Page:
The great, indomitable Ian “Lemmy” Kilmister turned 65 mere weeks before the North American release of Motörhead’s 20th album. And bless him, not a single thing has changed over the course of his band’s 35 year history. He and his mates still crank out the same ultra-high-decibel rock ‘n’ roll that won us over the first time we heard 1912, Orgasmatron, No Remorse, Ace of Spades, Overkill—It’s deafening; it’s abrasive, and it’s absolutely invigorating, and even when Lemmy creatively stagnates a touch, the music is nevertheless loads of fun.
The common misconception about Motörhead is that they've been recording the same album over and over again for 30-plus years, but nothing could be further from the truth. Just ask the band's most discerning, long-serving fans and they'll eagerly wax poetic about the nuanced distinctions between, say, the amphetamine blues of Overkill, the blazing Spaghetti Western slugfests of Ace of Spades, the bruising metallic crush of Orgasmatron, or the thrash-fueled onslaught of Sacrifice. If anything -- and not even these die-hard fans can deny this -- one could say that the band's albums released from the late ‘90s onward began blending together somewhat, for lack of cohesive personalities and enough quality songs.
New Musical Express (NME) - 70 Based on rating 3.5/5
[a]Motorhead[/a]’s previous album, 2008’s ‘[b]Motörizer[/b]’, found [b]Lemmy[/b] and comrades striving to maintain their bad-ass reputation at the mercy of a sterile production and a bunch of frankly mediocre songs. Thankfully, on ‘[b]The World Is Yours[/b]’ the band sound more engaged than they have in some time. The perennial music crit line with [a]Motorhead[/a] is that every album sounds much the same.
The same driving, bluesy rock they’ve been spewing since the Paleozoic Era During a recent nine-hour drive, this hack and his mates decided the complete Motörhead discography would be the perfect accompaniment. It was quickly realised that there’s better chance of finding Iraqi weapons of mass destruction than unlistenable ‘Head. While there may not be an ‘Ace Of Spades’ classic on ‘The Wörld Is Yours’ (and judging the scene at any rock night the world over, there never will be), their 20th teems with the same driving, bluesy rock they’ve been spewing since the Paleozoic Era.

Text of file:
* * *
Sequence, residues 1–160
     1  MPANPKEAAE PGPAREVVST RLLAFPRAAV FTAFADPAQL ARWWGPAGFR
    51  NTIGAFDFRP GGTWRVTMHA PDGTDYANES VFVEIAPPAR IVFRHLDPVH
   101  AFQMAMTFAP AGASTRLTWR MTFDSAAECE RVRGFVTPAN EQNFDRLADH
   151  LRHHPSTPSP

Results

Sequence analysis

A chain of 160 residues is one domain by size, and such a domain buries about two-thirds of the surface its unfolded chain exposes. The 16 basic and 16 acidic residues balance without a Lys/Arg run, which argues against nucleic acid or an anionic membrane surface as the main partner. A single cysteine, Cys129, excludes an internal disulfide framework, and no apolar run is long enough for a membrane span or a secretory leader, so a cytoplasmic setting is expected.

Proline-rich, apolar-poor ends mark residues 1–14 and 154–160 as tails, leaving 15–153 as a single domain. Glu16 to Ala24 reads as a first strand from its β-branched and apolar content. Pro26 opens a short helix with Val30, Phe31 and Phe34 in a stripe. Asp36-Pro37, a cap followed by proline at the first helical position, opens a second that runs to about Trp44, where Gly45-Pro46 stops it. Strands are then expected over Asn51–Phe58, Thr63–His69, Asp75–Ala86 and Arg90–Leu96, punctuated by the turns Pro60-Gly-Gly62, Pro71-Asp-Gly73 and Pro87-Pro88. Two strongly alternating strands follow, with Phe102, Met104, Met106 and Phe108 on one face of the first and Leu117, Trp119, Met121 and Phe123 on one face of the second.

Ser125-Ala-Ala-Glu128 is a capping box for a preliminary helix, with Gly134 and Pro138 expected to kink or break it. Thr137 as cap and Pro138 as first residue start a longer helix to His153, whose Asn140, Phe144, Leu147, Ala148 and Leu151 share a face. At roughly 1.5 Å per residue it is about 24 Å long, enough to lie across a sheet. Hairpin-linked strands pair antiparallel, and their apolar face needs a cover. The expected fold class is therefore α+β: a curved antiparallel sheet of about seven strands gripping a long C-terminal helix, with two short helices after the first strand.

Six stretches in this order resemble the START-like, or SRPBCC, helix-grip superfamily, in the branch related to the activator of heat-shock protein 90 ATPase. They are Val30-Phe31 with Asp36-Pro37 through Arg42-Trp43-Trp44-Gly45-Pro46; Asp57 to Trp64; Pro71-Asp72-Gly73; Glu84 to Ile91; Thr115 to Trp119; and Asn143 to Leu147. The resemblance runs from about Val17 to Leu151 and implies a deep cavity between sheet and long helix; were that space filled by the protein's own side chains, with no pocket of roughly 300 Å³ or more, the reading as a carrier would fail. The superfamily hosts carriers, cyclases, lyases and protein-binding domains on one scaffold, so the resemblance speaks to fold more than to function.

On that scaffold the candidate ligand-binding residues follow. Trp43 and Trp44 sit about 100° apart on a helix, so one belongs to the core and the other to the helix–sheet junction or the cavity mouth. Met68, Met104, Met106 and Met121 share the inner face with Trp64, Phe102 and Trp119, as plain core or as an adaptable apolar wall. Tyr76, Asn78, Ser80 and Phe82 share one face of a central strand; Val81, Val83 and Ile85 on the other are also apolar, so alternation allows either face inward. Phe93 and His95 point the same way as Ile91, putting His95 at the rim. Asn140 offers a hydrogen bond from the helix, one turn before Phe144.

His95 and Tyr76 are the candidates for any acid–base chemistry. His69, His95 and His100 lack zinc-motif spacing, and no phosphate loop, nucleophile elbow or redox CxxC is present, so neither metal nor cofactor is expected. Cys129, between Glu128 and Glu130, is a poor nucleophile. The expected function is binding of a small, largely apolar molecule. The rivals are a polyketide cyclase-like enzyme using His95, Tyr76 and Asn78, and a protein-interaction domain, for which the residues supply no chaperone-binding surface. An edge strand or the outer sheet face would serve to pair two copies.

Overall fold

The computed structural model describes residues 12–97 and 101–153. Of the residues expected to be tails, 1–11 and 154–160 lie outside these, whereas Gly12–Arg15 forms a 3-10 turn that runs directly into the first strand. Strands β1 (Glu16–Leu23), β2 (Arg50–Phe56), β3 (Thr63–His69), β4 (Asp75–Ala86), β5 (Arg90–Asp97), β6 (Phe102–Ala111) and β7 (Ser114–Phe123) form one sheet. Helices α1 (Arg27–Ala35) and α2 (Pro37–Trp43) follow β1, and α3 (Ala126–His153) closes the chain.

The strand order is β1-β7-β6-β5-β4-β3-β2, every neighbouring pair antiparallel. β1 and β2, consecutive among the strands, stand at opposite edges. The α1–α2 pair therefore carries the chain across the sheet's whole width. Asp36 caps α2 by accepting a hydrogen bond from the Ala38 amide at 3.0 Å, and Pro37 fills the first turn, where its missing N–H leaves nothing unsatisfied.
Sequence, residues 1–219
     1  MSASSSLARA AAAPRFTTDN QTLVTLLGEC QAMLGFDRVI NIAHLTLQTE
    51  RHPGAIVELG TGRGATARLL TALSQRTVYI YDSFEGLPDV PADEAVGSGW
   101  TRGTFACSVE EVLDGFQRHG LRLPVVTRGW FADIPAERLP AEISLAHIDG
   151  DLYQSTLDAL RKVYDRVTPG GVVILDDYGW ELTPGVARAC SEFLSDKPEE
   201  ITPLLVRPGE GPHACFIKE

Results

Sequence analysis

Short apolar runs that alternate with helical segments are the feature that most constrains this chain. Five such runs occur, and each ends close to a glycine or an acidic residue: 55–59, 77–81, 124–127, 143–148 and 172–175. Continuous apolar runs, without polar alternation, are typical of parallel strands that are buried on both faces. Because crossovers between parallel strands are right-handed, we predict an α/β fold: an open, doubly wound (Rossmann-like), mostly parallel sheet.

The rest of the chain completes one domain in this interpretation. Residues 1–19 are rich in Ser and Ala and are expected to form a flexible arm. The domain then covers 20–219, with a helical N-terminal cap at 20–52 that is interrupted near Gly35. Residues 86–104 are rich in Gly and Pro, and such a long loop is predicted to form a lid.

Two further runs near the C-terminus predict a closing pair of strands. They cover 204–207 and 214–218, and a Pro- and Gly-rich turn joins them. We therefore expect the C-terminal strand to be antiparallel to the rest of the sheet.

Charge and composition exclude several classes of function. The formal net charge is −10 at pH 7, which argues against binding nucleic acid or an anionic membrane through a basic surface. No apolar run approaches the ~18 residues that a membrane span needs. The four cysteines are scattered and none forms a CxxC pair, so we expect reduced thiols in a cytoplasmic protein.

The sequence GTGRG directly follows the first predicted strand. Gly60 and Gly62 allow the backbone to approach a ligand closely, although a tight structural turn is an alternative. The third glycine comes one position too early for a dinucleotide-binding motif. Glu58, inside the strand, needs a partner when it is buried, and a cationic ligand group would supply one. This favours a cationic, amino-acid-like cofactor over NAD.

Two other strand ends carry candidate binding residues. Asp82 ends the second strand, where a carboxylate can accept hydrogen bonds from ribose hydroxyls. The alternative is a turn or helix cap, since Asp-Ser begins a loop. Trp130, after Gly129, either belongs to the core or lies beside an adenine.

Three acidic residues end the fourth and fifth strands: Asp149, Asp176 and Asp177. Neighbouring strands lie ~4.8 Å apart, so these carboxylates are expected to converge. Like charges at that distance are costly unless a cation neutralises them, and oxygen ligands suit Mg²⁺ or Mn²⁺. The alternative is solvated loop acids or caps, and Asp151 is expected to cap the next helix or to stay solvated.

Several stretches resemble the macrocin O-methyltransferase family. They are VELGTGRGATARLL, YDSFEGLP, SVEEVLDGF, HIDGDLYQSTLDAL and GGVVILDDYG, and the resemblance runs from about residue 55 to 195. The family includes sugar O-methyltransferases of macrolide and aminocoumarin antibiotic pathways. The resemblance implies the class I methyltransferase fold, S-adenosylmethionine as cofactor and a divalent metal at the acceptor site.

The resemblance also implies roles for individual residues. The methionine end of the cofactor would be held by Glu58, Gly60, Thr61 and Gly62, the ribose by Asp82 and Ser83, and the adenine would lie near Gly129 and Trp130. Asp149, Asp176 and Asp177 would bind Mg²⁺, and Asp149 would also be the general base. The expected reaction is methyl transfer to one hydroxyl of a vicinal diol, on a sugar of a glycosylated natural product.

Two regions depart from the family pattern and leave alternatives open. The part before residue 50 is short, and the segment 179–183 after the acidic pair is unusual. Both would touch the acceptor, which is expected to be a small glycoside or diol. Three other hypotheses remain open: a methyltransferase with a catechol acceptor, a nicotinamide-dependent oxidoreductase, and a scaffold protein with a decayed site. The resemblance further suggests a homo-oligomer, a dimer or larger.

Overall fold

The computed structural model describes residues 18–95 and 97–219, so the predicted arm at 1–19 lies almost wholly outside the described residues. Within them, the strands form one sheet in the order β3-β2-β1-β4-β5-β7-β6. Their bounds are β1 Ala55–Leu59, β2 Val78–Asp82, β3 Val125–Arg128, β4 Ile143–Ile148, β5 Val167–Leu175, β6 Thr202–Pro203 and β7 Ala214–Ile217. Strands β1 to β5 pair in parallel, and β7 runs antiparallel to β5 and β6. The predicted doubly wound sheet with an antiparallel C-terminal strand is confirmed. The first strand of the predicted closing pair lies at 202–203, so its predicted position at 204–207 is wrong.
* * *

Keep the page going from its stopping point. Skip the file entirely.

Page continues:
Review Summary: Rock and roll: Warts and all.Death and taxes? Another sure thing you can add to that shortlist is that Motörhead will always be on hand to deliver a short, sharp dose of dirty noise. Now on their 20th LP, Motörhead have yet to relent on their quest to blow the minds and ears of their baying audience. Sticking to a strict schedule of an album every two years since 1996’s Overnight Sensation, the circus rolls on with reckless abandon and despite their advancing years you feel as if Motörhead will outlive us all.Lately, Lemmy appears to have been inducted into the Hall of Elder Statesmen.
"You wouldn't believe what it was like then," Ian "Lemmy" Kilmister recently informed a young journalist. "If you could go back, you wouldn't come back here." It's worth noting that the burnished and halcyon era to which he refers is 1975 – the year of race riots in Leeds, Margaret Thatcher's election to the leadership of the Conservative party, and 261 deaths in terrorist attacks related to the Troubles in Northern Ireland, in both mainland Britain and Northern Ireland itself. On the plus side, of course, you could smoke in pubs.
Ian Kilmister, aka Lemmy, is the sole constant member of the British rock band, MotÃ¶rhead. This man is a vocalist, a bassist, a rock god in circles, and he is aging, like all living things are wont to do. Sooner or later, we will see the demise of this metal figurehead, but as with any bastion of the early heavies, a reign must not simply burn out, but fucking explode in a glorious inferno.